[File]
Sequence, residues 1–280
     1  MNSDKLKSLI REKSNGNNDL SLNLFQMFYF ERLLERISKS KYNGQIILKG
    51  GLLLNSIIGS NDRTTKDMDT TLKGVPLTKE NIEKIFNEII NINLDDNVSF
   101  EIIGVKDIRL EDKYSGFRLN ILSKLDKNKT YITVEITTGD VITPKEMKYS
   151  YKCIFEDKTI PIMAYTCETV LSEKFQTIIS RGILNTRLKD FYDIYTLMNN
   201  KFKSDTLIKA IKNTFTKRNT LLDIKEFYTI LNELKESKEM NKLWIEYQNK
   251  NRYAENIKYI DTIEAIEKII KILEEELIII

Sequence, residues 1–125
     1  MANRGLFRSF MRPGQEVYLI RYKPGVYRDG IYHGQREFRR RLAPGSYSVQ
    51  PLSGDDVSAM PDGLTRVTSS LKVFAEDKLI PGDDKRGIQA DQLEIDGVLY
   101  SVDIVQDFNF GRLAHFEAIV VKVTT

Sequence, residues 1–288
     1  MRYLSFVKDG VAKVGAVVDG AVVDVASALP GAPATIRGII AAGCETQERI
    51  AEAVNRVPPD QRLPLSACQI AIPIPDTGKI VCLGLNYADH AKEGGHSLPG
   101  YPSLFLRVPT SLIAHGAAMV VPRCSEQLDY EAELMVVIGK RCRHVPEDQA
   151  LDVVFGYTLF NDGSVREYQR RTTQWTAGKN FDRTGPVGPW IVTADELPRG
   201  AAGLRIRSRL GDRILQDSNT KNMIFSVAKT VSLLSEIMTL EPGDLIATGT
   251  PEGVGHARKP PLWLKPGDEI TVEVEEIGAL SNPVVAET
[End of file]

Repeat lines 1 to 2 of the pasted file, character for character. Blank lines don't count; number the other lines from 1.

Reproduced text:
Sequence, residues 1–280
     1  MNSDKLKSLI REKSNGNNDL SLNLFQMFYF ERLLERISKS KYNGQIILKG